Delhi’s has so many beautiful birds. What they are, where they hang out and where they flock when they’re injured is the today’s blog topic.
There’s big birds, little birds, colourful birds and bland birds. I’ve no idea what most of them are, but it’s time to get stuck and start finding out more about Delhi’s bird life..
Here’s big five bird facts to get readers started and some places for great birding in and around Delhi.
There’s an awful lot of birds to spot in India
There are over 1,300 different birds species living across the subcontinent. Of these, 141 are endemic; which means they are found no-where else in the world. Delhi is also home to The Northern India Bird Network, a community of Delhiites that share information about birds and bird life in the capital. Get in touch with them via their Yahoo groups page.
Delhi is really rich in bird life.
More than 450 bird species have been recorded in and around Delhi, which makes the city the second richest world capital for bird life. Nairobi, Kenya, takes the top spot. The fine folk at The Northern India Bird Network have pulled together a species guide and a blog called Birds in Delhi is also a handy resource. The Collins Field Guide: Birds of India, priced at a 699 INR is a bargain.
Delhi’s state bird is Passer Domesticus
Every Indian state and national territory has its own state bird Delhi’s is Passer Domesticus. Sounds impressive, no?
Well, Passer Domesticus is the Latin name for the humble house sparrow. Andrea Pradesh has the Great Hornbill, Gujarat the Greater Flamingo, whilst West Bengal has the White-breasted Kingfisher. We’ve got the sparrow. I suppose it’s small. And cute.
Delhi is a holiday destination for our feathered friends,
Delhi is a stopover point for hundreds of migratory birds as they travel to and from the Himalayan range and beyond. Winter and spring is the time for many of our feather friends to chill out and take a rest. Other birds call in during the summer migration.
Delhi is home to a bird hospital
Digambar Jain Lal Mandir, built in 1656 and directly opposite the Red Fort at the end of Chandni Chowk, houses a unique medical centre for birds.
The Birds’ Charity Hospital has wards for different bird species, a research laboratory and an Intensive Care Unit (ICU) for seriously injured patients. It’s said to be the only one of its type in the world.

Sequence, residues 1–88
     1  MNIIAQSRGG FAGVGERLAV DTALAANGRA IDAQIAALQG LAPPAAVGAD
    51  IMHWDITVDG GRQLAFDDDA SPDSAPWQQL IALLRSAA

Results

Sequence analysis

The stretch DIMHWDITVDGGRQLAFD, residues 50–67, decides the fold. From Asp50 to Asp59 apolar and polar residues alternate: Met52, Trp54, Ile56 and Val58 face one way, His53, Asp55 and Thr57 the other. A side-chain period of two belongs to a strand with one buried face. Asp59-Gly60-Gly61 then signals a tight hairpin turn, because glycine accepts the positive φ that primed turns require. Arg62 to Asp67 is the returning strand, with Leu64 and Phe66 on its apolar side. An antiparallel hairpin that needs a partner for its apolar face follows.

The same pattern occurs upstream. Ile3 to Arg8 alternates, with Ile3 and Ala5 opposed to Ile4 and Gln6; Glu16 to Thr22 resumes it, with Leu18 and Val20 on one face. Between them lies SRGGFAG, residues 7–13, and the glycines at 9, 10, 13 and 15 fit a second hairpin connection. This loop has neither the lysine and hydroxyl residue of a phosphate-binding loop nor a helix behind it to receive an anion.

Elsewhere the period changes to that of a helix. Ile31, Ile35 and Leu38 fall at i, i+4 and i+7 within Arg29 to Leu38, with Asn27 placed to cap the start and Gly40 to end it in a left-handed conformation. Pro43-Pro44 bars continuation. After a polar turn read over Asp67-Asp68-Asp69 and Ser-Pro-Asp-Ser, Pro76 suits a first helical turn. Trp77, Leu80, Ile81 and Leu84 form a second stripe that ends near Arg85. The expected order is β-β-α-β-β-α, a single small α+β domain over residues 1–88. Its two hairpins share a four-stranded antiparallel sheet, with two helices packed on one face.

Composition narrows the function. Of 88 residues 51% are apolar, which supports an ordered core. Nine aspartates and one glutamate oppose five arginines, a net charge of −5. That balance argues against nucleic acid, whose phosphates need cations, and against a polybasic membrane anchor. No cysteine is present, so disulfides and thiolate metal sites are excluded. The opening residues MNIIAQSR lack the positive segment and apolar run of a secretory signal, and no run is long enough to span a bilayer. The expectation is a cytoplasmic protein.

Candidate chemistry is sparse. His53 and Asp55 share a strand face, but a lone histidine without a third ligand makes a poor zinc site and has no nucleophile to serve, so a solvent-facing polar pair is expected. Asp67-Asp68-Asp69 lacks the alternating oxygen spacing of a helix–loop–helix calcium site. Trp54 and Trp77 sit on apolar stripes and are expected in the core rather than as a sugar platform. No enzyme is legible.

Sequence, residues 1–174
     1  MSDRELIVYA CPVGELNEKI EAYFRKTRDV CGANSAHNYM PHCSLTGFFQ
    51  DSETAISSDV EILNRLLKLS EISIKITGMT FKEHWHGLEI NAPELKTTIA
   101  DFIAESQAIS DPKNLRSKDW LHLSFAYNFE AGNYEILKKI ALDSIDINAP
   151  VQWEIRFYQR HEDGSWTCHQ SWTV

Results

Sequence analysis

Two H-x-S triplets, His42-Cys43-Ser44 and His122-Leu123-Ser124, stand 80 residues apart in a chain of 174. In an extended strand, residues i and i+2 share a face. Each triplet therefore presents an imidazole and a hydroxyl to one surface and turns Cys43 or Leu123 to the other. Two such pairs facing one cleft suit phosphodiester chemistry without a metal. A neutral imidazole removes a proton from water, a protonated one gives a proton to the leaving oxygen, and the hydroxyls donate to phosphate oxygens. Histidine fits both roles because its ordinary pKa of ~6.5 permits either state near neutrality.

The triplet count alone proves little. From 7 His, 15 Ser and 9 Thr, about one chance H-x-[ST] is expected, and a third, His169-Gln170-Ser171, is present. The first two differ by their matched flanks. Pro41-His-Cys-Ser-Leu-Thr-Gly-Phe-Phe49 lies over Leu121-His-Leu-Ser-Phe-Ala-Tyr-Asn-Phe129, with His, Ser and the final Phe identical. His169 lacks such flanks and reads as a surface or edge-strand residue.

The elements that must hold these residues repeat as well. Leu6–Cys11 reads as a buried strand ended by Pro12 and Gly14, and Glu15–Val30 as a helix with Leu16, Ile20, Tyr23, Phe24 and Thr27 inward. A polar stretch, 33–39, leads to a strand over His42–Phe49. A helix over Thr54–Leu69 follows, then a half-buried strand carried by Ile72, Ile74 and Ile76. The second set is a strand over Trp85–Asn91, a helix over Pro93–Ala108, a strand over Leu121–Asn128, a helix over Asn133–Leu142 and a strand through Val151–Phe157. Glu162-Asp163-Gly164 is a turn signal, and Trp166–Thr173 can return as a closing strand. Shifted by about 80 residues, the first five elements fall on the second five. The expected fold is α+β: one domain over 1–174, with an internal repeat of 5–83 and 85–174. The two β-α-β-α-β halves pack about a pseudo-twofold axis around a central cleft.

Birding in the capital
Here’s a brief run down of birding sites in and around the capital that I’ve been checking out.
The Delhi Ridge: This reserved forested is known as the lungs of Delhi and protects the city from the sandstorms from Rajasthan. It’s also one of the reasons why Delhi is blessed with so many birds. The ridge runs from the south east of the city at Tughlaqabad and tapers off near Wazirabad, on the banks of the Yamuna river.
Parks and Gardens: Delhi’s parks and gardens are a great place to go birding, enjoy some green space and get away from the car horns. The jewel in the crown is Lodhi Gardens with the Garden of Five Senses and Buddha Jayanti Park offering pleasant alternatives.
Asola Wildlife Sanctuary: A large expanse of dry scrub forest at the tail end of the Delhi ridge, Asola Wildlife Sancturary covers 26 square kilometres.
BNHS-India, a pan-India wildlife research organization that’s been promoting nature conservation since 1883, runs the community based Conservation Education Centre with regular walks taking place throughout the year.
Okhla Bird Sanctuary: This four square kilometre site is located at the entrance to Noida where the River Yamuna enters the state of Utter Pradesh. More than 270 species of bird have been recorded, with the best time to visit being from November to March.
Sultanpur Bird Sanctuary: This National Park in Haryana is an artificial wetland about 50 kilometres from Delhi. The winter months are best with migratory species from Europe, Siberia and Central Asia boosting the species count to 320. There are 180 resident species. For more information head to the Haryana State Government website.
And finally, Delhi Zoo may initially seem like a strange suggestion, but with its open spaces and pools the zoo is an attractive proposition for wild birds. Waterfowl and the Common Kingfisher can be spotted alongside the Zoo’s resident bird life.
It’s time for me to pack my binoculars and head down to the park.